Cases reported "Skin Neoplasms"

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1/600. Human herpes-virus 8 seropositive patient with skin and graft Kaposi's sarcoma after lung transplantation.

    Kaposi's sarcoma (KS) has been reported after solid organ transplantation mostly in recipients of renal, liver, heart, and bone allografts. We describe the first case of a patient with lung transplantation who developed KS of the skin, but also of the lung graft. The tumors were localized to places of previous trauma, implying the involvement of a Koebner phenomenon. Moreover, a polymerase chain reaction assay revealed the presence of dna sequences of herpesvirus 8 (HHV-8) on tissue of the cutaneous KS. Serological tests showed HHV-8 seronegativity of the graft donor and HHV-8 seropositivity of the patient before lung transplantation suggesting that the latter was already infected before the surgery and that immunosuppression resulted in the development of KS. This case report raises the question of the prevalence of HHV-8 in candidates for transplantation and organ donors, and of the value of an antiviral prophylaxis to lower the risk of KS.
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ranking = 1
keywords = bone
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2/600. Bone involvement in a case of Kaposi sarcoma.

    BACKGROUND: Extracutaneous involvement is rare in the classical form of Kaposi sarcoma (KS). observation: We report a case of bone involvement revealed by bone pain. Magnetic resonance (MR) images demonstrated the local invasion of bone from cutaneous lesions. Bone biopsy confirmed bone involvement. The patient was treated with vindesine. Bone pain progressively disappeared. CONCLUSION: Bone involvement has rarely been reported in classical KS though 4.5% of the patients were affected when it was systematically sought. Treatment of symptomatic lesions requires radiotherapy or chemotherapy.
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ranking = 4
keywords = bone
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3/600. Epithelioid cell histiocytoma: a simulant of vascular and melanocytic neoplasms.

    Epithelioid cell histiocytoma (ECH) is an unusual and still poorly recognized variant of benign fibrous histiocytoma. Epithelioid cell histiocytoma differs from most benign fibrous histiocytomas in five important ways: the predominance of epithelioid cells, relative lack of secondary elements (such as giant cells, foamy, or hemosiderin-laden macrophages), relative sharp circumscription, prominent vascularity, and centering in the papillary dermis in most cases. A strong resemblance to melanocytic and vascular lesions has been noted, and a recent case was reported with features suggesting endothelial origin. Fifteen new cases of ECH, including one example of the rare deep cellular variant, are presented herein, with emphasis on features mimicking vascular and melanocytic neoplasms. Labeling with endothelial markers, including previously unreported CD-31 labeling, showed abundant vascular staining, which may be challenging to interpret, but which does not indicate an endothelial origin of ECH.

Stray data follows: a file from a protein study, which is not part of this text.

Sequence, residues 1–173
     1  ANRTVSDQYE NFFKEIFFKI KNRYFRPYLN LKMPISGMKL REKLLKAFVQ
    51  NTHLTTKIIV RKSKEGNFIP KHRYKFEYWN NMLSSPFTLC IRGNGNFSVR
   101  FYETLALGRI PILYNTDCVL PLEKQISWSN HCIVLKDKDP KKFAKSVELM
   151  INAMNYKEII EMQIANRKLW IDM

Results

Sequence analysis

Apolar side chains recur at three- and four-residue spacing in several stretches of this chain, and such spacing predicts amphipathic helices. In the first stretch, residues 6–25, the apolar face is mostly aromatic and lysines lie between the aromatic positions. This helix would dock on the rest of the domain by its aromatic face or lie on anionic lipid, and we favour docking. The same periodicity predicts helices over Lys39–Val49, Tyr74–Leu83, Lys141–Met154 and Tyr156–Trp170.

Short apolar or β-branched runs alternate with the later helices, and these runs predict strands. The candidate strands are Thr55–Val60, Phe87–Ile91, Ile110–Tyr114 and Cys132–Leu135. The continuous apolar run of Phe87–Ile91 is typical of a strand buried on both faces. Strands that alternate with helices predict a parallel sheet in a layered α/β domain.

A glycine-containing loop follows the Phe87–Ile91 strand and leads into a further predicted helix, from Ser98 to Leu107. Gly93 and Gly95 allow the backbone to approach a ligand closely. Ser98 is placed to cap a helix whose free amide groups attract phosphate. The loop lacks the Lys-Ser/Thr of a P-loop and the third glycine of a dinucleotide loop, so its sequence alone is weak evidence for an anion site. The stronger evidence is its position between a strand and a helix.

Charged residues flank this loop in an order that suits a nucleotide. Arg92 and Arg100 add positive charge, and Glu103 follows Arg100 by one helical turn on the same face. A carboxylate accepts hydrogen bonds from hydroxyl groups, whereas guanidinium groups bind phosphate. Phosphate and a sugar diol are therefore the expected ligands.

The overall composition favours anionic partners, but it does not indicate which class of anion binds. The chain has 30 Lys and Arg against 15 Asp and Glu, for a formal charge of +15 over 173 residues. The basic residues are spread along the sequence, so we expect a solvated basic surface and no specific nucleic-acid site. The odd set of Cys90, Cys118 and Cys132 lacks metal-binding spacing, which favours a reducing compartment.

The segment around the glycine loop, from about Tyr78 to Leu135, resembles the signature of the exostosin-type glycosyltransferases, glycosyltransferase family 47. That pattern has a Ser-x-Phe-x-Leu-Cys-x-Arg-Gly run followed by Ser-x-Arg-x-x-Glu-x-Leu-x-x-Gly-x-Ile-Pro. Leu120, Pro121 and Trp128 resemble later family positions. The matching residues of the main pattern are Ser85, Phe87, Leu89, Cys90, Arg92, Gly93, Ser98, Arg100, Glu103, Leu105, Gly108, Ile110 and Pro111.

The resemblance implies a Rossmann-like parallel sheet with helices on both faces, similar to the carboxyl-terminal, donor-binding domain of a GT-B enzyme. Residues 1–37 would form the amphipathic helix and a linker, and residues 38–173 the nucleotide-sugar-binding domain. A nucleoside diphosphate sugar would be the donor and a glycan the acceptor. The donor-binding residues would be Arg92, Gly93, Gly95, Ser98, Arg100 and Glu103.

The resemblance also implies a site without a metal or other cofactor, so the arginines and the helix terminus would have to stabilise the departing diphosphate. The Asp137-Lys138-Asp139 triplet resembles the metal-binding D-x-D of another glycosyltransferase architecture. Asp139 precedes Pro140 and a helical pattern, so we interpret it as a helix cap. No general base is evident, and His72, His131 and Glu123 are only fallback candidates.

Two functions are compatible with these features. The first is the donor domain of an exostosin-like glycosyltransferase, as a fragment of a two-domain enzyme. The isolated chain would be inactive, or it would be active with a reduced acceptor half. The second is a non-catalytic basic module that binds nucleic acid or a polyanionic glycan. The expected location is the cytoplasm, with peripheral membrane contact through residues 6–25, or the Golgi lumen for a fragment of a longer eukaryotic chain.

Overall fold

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ranking = 20.626214083763
keywords = macrophage
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4/600. Basal cell carcinoma with massive ossification.

    We report a case of basal cell carcinoma with massive ossification in a 66-year-old white man. Ossification in various benign and malignant neoplasms have been reported including basal cell carcinomas, in which ossifications are seen in small foci or peripheral rim of the tumor. However, in our case, massive ossification is seen throughout the tumor, and only small areas of the periphery of the tumor show diagnostic histology. Therefore, this case might have presented a diagnostic difficulty or been misdiagnosed as an osteoma cutis if a smaller incisional or punch biopsy had been performed. The phenomenon of bone formation itself is not specific for any diagnostic entity, and therefore an underlying lesion should be carefully sought in case of secondary ossification.
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ranking = 1
keywords = bone
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5/600. Verruciform xanthoma associated with squamous cell carcinoma.

    Verruciform xanthoma (VX) is a rare lesion of unknown etiology that is typically solitary and predominantly located within the oral cavity. Less commonly, they arise on the skin, with the majority of cases occurring in anogenital sites. They can be confused clinically with verruca vulgaris, condyloma, leukoplakia, verrucous carcinoma, and squamous cell carcinoma. Histologic features include acanthosis with uniform elongation of the rete ridges and xanthomatous cells that lie in and are typically confined to the papillary dermis. Although epidermal atypia is not a characteristic finding, we describe an unusual case of VX that has features of both VX and squamous cell carcinoma. In addition, there was a VX with typical histologic characteristics located at a separate site in the same patient. This case is also the first to our knowledge to be reported on the neck and axilla and is the third case associated with cutaneous graft versus host disease secondary to bone marrow transplant for acute lymphoblastic leukemia.
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keywords = bone
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6/600. Epidermal naevus syndrome and hypophosphataemic rickets: description of a patient with central nervous system anomalies and review of the literature.